Prostate cancer screening practices of African-American and non-African-American US primary care physicians: A cross-sectional survey - Abstract

PURPOSE: We explored whether African-American (AA) primary care physicians (PCPs) have different prostate cancer screening practices compared to non-AA PCPs, after adjustment for potential confounding factors such as the proportion of AA patients in PCP practices.

METHODS: We used SAS/SUDAAN to compare weighted responses from AA PCPs (n = 604) with those from non-AA PCPs (n = 647) in the 2007-2008 National Survey of Primary Care Physician Practices Regarding Prostate Cancer Screening. We used multivariate logistic regression to calculate the weighted odds ratios (OR) and 95% confidence intervals (CI).

RESULTS: We found that AA PCPs had higher odds of working in practices with above-the-median (≥ 21%) proportions of AA male patients (OR, 9.02; 95% CI: 5.85-13.91). A higher proportion of AA PCPs (53.5%; 95% CI: 49.5-57.4) reported an above-the-median proportion (≥ 91%) of PSA testing during health maintenance exams as compared to non-AA PCPs (39.4%; 95% CI: 35.5-43.4; P < 0.0002). After adjusting for the proportion of AA patients and other factors, we found that AA PCPs had higher odds of using PSA tests to screen men (OR, 1.74; 95% CI: 1.11-2.73).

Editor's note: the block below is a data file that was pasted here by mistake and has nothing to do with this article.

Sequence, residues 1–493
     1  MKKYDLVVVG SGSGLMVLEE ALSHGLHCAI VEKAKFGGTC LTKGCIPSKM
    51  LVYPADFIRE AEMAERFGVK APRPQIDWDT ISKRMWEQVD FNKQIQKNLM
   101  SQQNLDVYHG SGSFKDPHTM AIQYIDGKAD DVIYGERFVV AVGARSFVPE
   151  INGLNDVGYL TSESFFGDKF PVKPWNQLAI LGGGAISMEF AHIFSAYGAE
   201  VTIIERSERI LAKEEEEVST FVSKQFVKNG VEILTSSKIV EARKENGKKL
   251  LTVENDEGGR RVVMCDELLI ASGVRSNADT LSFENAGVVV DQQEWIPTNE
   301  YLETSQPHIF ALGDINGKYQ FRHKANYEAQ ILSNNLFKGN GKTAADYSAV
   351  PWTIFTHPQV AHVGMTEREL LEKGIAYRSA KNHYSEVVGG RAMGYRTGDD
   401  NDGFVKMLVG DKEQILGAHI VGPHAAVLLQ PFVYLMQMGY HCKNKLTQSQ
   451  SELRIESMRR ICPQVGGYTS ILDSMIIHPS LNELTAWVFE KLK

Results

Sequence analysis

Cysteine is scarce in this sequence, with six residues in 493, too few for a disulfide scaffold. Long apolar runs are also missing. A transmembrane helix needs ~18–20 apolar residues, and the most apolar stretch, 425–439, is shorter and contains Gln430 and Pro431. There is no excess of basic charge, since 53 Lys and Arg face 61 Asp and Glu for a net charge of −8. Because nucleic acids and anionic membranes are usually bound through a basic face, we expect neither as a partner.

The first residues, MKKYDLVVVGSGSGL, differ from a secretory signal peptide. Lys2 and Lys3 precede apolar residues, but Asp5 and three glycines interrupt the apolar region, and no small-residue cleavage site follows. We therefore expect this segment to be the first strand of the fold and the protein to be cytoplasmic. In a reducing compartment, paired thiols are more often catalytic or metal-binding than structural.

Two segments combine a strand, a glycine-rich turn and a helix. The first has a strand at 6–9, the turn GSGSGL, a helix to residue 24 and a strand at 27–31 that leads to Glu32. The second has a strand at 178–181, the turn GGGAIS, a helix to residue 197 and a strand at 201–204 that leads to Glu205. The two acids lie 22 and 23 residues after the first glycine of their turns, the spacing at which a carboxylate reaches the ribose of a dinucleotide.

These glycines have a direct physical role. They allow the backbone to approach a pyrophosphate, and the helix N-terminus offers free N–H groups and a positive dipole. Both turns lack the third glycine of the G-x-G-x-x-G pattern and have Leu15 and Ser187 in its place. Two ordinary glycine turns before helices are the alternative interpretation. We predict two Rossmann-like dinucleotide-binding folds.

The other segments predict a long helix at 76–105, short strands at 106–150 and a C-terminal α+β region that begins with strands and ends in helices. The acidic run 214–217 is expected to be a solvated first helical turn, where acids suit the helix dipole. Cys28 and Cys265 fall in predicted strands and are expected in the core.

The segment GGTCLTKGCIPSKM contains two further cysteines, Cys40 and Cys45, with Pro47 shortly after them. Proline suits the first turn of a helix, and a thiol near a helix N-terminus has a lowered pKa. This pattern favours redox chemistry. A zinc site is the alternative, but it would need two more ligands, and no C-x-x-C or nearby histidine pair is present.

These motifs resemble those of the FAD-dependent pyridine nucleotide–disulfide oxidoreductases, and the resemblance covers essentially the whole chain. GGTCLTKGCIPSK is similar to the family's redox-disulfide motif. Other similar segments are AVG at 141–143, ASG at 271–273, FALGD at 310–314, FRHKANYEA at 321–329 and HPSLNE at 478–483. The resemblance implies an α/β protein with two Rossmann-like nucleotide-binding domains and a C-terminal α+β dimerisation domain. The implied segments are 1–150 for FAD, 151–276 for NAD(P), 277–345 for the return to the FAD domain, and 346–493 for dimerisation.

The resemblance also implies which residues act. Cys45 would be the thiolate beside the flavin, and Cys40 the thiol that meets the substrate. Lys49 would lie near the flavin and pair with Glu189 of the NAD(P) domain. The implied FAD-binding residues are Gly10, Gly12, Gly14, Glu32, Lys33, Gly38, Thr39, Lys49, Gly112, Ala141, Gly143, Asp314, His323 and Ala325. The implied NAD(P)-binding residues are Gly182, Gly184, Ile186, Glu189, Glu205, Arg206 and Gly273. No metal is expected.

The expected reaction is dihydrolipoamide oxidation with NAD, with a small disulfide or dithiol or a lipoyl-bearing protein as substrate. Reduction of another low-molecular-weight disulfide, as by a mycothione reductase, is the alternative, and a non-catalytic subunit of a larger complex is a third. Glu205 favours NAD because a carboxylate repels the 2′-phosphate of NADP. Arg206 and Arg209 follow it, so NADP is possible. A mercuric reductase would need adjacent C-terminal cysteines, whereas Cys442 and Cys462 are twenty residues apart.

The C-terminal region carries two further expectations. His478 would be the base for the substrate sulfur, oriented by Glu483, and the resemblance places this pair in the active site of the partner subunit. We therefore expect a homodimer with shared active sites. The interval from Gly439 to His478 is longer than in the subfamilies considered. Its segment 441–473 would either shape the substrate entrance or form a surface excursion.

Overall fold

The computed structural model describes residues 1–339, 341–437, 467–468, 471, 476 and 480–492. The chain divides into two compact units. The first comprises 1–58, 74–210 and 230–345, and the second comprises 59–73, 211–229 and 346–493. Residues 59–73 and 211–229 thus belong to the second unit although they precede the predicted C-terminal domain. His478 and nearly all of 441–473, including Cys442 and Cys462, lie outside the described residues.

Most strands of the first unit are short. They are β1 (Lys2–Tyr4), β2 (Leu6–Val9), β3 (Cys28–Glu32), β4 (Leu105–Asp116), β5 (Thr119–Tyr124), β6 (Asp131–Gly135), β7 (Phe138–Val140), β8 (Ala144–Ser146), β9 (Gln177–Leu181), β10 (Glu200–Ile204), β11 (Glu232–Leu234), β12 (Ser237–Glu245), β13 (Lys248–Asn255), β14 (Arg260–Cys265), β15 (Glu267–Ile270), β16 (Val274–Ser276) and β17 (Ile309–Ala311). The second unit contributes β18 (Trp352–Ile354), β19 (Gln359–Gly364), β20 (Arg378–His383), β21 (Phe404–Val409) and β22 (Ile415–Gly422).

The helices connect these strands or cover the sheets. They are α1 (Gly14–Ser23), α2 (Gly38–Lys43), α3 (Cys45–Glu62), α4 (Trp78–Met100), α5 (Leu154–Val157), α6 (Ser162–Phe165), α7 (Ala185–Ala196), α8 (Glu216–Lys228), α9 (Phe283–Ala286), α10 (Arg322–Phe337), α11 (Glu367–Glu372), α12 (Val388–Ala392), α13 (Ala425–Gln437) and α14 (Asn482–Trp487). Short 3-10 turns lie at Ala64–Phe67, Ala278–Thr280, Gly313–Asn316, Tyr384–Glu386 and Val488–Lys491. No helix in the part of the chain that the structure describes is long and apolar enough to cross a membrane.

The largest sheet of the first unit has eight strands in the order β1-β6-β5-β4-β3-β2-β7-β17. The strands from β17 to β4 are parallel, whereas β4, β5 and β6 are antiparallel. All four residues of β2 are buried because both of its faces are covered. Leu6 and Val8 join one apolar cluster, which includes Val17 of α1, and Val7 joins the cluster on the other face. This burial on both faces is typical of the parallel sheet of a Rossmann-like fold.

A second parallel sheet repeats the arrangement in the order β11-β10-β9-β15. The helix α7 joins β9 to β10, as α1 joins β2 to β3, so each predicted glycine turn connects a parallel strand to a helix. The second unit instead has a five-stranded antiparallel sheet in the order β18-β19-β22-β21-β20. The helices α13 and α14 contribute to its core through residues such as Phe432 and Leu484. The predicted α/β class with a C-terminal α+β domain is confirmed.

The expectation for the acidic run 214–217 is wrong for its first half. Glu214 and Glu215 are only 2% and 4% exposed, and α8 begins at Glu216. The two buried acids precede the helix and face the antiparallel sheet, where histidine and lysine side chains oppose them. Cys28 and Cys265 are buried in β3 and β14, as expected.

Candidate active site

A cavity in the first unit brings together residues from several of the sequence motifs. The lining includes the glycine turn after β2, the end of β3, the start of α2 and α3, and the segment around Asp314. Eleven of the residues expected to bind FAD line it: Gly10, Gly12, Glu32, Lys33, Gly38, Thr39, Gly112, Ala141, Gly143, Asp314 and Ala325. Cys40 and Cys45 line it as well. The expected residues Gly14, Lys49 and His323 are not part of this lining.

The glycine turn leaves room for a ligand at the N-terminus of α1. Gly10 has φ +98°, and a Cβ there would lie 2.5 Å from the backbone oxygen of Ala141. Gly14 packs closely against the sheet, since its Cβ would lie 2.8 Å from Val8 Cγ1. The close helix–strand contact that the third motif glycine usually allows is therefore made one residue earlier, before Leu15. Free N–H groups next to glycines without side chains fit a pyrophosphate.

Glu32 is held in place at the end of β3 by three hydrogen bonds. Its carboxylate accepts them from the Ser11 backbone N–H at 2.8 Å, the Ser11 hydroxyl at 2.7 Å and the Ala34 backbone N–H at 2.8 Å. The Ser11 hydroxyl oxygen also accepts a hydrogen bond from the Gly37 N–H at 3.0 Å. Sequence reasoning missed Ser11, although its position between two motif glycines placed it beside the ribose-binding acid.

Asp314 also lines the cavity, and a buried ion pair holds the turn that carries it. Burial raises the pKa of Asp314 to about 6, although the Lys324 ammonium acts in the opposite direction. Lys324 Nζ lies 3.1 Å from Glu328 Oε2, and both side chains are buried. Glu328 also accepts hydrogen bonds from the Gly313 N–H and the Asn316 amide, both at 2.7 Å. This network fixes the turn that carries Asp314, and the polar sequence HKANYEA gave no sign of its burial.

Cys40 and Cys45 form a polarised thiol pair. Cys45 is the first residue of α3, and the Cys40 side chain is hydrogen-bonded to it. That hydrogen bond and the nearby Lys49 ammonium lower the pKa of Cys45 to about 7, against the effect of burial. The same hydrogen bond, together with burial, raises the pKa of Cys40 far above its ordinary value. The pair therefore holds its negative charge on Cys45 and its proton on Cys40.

CONCLUSION: This study quantifies the magnitude of the differences reported in previous focus group studies. Our results may be helpful in hypothesis generation and in planning future research studies.

Written by:
Richards TB, Rim SH, Hall IJ, Richardson LC, Ross LE.   Are you the author?
Division of Cancer Prevention and Control, National Center for Chronic Disease Prevention and Health Promotion, Centers for Disease Control and Prevention, Atlanta, GA, USA.

Reference: Int J Gen Med. 2012;5:775-80.
doi: 10.2147/IJGM.S36028

PubMed Abstract
PMID: 23049271 Prostate Cancer Section